Snapshots Announcements Spotlight UTSA Athletics

May 2011, Issue 10

True Colors

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True Colors Training--Staff

Spring 2011 Training Schedule ---- COMPLETED

Fall 2011 Training Schedule ------- DATE PENDING

Strategies for Working with Each Color
by Bruce Maxwell, Copyright © 2007

Strategies to improve your relationship with a co-worker:


  • Once you have identified the needs, problems, or challenges and are ready to present possible solutions, start with the big picture to gain consensus on the goals, intentions, and objectives.

  • Demonstrate how your solutions are innovative, visionary, and creative.

  • Be prepared to provide the technical data on solutions you suggest.

  • Have your most articulate person present the proposal.

  • Make sure the solution is logical, solves the problem, and gives good answers.

  • If possible tie your solution to existing company resources to help them justify those resources.

  • Whenever possible, present a written plan beforehand to allow Greens time to think about your ideas.

  • Don’t expect to convince them the first time. They will need time to reflect and consider.

  • Talk one-on-one or in small groups.


  • Be punctual. If you set an appointment for a meeting or a phone call, don’t be late.

  • Establish a clearly defined goal for your meeting and track your success in reaching that goal. If they don’t have a pre-defined goal, help them set one.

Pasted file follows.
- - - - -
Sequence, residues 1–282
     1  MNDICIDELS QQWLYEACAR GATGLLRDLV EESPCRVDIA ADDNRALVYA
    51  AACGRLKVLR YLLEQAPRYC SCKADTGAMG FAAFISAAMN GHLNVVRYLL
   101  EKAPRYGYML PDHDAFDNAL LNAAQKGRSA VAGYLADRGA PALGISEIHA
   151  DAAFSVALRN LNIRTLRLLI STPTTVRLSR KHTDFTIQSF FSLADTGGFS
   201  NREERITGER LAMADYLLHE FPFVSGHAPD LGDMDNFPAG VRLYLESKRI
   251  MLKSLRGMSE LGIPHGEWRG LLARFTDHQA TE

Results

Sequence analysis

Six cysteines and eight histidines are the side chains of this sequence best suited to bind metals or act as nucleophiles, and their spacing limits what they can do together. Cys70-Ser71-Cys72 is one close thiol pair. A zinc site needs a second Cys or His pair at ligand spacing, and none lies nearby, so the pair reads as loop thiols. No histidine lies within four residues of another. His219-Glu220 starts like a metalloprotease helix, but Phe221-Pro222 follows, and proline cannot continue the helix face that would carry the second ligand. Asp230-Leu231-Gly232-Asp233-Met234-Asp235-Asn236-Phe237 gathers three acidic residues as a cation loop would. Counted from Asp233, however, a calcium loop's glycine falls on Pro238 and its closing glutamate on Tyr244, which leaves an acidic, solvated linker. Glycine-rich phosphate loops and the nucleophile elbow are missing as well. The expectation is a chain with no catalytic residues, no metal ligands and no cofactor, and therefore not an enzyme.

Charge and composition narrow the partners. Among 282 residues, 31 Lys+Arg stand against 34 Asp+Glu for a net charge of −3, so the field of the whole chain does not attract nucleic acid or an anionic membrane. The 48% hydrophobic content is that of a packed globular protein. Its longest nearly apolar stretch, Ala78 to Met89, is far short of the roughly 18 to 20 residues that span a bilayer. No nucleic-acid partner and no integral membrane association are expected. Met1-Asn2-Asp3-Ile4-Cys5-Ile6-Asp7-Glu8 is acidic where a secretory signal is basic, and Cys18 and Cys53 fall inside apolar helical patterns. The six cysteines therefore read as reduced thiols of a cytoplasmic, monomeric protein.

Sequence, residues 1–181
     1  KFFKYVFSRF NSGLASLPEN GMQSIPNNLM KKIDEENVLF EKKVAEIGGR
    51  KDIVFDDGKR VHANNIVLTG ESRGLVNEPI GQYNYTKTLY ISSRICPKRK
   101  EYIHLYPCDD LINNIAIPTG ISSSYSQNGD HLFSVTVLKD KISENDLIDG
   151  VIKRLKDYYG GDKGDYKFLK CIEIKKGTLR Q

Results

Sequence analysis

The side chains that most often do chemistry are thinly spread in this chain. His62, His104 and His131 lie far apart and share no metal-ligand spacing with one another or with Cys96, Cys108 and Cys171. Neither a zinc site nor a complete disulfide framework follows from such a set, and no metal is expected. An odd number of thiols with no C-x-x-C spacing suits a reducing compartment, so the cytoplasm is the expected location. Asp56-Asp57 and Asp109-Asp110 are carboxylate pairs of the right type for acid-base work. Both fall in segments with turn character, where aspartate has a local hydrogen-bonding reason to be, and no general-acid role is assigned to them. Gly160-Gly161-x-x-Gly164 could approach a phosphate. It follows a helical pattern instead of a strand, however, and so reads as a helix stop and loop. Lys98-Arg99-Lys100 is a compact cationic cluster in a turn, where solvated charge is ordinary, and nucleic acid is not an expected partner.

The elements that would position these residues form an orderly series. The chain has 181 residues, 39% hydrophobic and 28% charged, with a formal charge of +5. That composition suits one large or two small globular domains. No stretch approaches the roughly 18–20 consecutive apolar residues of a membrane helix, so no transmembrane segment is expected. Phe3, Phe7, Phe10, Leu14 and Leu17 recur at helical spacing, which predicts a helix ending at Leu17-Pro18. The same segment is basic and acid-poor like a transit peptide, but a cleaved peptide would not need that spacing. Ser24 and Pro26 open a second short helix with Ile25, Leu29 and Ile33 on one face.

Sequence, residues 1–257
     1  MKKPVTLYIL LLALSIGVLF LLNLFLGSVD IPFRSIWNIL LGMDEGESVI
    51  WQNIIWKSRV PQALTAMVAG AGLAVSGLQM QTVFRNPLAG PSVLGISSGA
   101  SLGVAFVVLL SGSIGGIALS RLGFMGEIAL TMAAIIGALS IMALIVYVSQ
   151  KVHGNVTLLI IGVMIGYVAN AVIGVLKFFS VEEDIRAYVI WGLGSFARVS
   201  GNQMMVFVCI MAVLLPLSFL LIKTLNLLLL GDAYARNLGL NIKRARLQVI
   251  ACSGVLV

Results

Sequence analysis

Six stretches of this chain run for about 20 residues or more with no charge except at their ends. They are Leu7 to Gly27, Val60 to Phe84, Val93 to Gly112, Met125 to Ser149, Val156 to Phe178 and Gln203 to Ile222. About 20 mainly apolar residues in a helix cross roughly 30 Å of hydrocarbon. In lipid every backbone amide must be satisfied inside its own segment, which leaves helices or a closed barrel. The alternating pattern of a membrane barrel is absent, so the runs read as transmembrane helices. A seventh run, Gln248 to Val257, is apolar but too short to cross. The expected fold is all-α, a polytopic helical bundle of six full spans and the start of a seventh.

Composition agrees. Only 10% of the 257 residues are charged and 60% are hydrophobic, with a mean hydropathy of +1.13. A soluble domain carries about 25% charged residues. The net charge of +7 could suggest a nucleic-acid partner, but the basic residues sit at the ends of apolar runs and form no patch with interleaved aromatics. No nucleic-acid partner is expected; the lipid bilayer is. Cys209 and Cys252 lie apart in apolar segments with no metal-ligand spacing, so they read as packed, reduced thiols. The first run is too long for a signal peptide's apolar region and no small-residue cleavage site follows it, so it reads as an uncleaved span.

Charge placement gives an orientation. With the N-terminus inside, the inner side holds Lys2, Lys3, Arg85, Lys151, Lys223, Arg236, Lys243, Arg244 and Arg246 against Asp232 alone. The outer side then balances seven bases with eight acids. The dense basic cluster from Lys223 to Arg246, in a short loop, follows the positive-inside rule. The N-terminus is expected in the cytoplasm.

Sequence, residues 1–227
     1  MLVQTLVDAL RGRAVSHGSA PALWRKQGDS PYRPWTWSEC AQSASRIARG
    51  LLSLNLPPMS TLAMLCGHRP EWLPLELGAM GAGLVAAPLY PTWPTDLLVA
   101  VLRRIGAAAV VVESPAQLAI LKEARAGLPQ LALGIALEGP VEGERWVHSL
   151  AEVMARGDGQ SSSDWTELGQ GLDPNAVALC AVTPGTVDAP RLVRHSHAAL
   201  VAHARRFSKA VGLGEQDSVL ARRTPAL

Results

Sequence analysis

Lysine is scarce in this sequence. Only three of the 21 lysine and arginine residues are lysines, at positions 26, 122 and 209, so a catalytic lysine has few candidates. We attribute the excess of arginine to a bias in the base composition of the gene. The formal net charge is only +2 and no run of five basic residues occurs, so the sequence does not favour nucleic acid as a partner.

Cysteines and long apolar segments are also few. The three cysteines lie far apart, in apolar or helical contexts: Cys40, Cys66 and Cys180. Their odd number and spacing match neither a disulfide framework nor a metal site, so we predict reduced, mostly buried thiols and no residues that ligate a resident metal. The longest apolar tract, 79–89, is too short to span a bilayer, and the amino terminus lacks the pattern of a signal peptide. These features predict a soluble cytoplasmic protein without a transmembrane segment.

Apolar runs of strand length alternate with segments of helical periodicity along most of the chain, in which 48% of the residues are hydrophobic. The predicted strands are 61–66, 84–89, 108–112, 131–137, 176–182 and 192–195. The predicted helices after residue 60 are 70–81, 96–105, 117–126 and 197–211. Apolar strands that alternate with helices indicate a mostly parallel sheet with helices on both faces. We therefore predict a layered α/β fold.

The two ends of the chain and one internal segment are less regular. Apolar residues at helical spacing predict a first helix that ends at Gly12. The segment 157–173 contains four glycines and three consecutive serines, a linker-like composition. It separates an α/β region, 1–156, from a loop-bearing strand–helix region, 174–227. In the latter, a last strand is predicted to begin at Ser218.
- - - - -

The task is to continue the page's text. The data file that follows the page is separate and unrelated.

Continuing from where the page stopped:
• Be dependable. Whether you are delivering a presentation or samples of your products, if you say you will do something – Do it! Recognize their accomplishments and expertise.

  • Come prepared with a plan that can be modified on the spot as necessary.

  • Work out the details of your plan before you present it.

  • Arrange your presentation in a logical way with a beginning, a sequence of points, and an end.

  • Include the pros and cons.

  • Give an explicit statement of the problem to be solved.

  • Be honest, ethical and moral. Don’t suggest that you could cut corners to reduce the cost. Show integrity.

  • Be cost-effective. Show them how the use of your products or services will enhance their effectiveness and that doing so will increase their financial position.


  • Be optimistic. Focus on the good that this decision will do for all concerned. Minimize the negative impact.

  • Be real and sincere. Put your own ego away. Show your compassion. Get in touch with your own Blue side.

  • Be sensitive to how your statements are received. Test for buy-in and significance.

  • Start your presentation with a concern for the people involved.

  • Include people’s feelings among the causes/facts to be considered.

  • Present the team building aspects of your solution.

  • Be sensitive to the feelings of the team members. Make sure you thank them for their contributions.


  • Project energy and enthusiasm.

  • Present information about your company in an exciting, energetic way.

  • Show how solving their problems will be an adventure. Be action-oriented.

  • Clearly identify the positive results of utilizing your product or service.

  • Identify the full spectrum of possibilities, from the risky ones to the conservative options and let them choose their comfort level.